Anton Chekhov, the Iconoclast

Anton Chekhov, the Iconoclast

Anton Chekhov, the Iconoclast

Anton Chekhov, the Iconoclast

Synopsis

Lee J. Williames views Anton Chekhov as a change agent and iconoclast in a manner similar to Zola and Darwin. This study shows that Chekhov was deeply influenced by the scientific method, that he was objective in his representations and that he carefully chose what he wrote about. It was his intention to explode stereotypes by clearly and objectively stating the problems of Russian society in his stories. He felt that his readers would be moved to accomplish change through individual initiative if they saw clearly what the problems were in Russia

To demonstrate these points, this work presents an intellectual biography of Chekhov and then examines the objectivity and validity of his views on Russian society.

Excerpt

This author views Anton Chekhov as a change agent and iconoclast in a manner similar to Zola and Darwin. This is a view which stand as a revision to many popularly held views of Chekhov. This study will show that Chekhov was deeply influenced by the scientific method, that he was objective in his representations and that he carefully chose what he wrote about. It was his intention to explode stereotypes by clearly and objectively stating the problems of Russian society in his stories. He felt that his readers would be moved to accomplish change through individual initiative if they saw clearly what the problems were in Russia.

The effects of Chekhov's work can be seen in the myths and stereotypes that he destroyed. In 1897 Anton Chekhov exploded the century old myth of the Russian peasant and clearly stated the peasant question with the publication of his The Peasants. This provoked immediate government censorship but it and his other stories helped open the eyes of the literate Russian public to the reality of the lives of the non-literate Russians in the decade prior to the 1905 revolution.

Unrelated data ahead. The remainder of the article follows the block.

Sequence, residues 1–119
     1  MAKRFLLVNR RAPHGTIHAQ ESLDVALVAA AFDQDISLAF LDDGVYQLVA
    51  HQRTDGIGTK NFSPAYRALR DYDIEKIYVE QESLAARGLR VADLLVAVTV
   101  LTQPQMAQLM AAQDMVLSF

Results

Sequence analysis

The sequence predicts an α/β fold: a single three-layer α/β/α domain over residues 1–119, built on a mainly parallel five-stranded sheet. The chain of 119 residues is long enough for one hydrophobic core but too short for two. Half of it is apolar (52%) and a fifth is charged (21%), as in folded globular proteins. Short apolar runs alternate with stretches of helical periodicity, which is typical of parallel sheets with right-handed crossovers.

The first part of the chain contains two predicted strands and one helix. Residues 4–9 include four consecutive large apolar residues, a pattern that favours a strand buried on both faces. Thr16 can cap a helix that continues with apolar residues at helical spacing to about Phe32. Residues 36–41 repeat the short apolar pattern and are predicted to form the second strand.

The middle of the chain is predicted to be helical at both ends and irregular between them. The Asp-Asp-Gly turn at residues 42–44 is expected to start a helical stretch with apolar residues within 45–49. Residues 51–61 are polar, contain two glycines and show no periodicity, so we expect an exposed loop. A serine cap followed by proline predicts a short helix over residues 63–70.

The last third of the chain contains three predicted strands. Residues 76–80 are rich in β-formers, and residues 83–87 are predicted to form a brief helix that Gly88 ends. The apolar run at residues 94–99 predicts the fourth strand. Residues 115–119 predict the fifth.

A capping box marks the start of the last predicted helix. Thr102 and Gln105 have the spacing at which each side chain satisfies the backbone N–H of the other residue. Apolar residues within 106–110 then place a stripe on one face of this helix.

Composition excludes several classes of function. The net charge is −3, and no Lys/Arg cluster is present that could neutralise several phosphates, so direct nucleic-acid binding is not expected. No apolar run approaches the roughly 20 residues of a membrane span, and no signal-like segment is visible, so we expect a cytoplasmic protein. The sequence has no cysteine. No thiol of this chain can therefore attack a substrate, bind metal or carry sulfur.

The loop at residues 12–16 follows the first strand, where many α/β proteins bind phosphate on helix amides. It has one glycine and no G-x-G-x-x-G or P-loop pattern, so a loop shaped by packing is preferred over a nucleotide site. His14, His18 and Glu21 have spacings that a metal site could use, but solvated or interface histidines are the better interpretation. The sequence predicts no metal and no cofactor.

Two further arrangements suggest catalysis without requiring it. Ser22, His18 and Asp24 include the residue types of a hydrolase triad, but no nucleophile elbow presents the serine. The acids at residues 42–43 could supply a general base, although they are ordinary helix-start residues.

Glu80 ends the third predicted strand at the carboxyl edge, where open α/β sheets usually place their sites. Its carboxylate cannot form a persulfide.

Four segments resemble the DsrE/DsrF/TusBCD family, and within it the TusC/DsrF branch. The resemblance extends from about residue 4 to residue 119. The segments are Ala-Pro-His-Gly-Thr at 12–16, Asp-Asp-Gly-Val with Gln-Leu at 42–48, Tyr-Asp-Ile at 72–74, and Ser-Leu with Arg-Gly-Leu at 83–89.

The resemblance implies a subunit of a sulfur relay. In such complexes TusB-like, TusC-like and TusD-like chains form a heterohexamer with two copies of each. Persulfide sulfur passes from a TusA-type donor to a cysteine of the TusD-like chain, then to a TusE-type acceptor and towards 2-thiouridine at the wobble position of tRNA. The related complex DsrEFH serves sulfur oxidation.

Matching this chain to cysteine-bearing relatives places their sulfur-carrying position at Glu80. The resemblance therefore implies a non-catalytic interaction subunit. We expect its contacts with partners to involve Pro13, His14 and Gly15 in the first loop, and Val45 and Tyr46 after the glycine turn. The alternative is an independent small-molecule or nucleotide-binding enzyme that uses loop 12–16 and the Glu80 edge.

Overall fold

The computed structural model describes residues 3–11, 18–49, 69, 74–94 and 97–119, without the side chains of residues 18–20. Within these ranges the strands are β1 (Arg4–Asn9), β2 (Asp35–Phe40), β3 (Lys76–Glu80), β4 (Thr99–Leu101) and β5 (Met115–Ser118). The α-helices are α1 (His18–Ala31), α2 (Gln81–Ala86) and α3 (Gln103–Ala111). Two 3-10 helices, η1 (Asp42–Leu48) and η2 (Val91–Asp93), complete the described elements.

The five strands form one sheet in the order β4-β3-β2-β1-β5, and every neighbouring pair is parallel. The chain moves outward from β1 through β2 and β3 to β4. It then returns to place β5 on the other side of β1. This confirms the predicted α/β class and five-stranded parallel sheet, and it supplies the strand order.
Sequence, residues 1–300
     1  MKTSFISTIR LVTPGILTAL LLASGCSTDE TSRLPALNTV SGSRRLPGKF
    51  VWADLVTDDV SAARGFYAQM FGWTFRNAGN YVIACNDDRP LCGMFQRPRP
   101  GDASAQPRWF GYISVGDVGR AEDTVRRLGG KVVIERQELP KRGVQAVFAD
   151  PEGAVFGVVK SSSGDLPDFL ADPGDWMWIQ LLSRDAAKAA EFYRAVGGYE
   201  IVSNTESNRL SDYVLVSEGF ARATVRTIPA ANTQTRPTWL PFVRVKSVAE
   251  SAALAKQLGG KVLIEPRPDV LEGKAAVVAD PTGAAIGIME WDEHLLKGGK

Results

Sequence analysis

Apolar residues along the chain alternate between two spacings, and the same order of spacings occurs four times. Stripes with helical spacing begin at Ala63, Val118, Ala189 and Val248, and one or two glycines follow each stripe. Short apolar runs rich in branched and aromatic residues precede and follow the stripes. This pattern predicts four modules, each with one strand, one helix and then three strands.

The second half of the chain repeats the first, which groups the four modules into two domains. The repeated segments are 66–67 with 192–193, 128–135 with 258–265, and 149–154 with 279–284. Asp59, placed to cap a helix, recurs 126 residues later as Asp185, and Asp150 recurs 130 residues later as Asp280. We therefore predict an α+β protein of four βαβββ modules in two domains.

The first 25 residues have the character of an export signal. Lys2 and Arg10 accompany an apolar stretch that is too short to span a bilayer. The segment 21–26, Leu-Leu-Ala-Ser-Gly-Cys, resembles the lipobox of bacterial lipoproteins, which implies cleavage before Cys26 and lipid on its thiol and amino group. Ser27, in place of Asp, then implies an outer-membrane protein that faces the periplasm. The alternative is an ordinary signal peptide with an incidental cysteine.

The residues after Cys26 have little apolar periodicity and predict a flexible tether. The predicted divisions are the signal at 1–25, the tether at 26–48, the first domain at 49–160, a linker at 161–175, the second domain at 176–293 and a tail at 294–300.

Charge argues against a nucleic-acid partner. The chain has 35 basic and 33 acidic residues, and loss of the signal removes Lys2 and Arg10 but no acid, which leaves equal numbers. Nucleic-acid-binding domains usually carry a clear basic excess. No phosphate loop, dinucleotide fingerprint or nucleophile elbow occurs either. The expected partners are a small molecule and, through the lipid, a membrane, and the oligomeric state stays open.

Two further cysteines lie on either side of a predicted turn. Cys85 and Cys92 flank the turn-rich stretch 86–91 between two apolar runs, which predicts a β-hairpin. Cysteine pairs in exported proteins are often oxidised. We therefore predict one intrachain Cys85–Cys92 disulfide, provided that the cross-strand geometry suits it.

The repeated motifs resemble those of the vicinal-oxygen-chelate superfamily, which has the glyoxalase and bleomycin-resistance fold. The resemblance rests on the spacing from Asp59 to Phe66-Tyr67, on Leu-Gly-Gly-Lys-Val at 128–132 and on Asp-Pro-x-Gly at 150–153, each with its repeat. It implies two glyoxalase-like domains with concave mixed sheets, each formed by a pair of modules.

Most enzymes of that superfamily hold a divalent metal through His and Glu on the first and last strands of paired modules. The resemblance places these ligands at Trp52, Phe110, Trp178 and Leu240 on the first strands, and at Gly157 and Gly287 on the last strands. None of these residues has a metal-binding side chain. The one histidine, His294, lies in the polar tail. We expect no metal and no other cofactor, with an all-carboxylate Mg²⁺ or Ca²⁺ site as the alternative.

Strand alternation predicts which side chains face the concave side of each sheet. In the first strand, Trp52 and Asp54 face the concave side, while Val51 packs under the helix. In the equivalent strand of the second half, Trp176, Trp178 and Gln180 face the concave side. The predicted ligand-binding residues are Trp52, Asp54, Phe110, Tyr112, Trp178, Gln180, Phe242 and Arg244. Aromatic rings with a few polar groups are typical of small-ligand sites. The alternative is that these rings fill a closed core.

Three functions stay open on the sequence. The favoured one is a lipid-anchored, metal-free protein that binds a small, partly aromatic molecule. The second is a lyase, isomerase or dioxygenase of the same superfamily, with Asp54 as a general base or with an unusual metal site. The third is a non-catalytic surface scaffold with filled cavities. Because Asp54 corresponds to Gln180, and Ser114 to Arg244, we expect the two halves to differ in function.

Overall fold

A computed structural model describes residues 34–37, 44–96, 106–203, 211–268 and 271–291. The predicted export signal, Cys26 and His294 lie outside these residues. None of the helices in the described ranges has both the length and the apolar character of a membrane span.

To demonstrate the above points, this study will present first an intellectual biography of Chekhov and then examine the objectivity and validity of his views on Russian society. This will be accomplished through a thorough presentation of Chekhov's views on the Peasants, their living conditions, how they related to others, what forces affected them indirectly and present a profile of the other key elements in Russian society. Chekhov's views will be juxtaposed with scholarly opinion to determine the truth of his views. The author draws from the primary sources of Chekhov's thought, his letters and his stories. His stories have been favored in this study because they clearly present Chekhov's views, they have a far broader scope than his plays and are unencumbered by the demands of staging. This study also draws from those primary critical sources of his thought, the studies of Chekhov by his contemporaries and later critics.

In the course of the study certain controversial points will be established. First, that Chekhov's image has been distorted over the years to meet the needs of ideologically motivated critics. These distortions demand a revisionist's correction which this study provides. Second, that the mature Chekhov was intellectually formed by two forces, his education in the sciences and his literary experience. Out . . .

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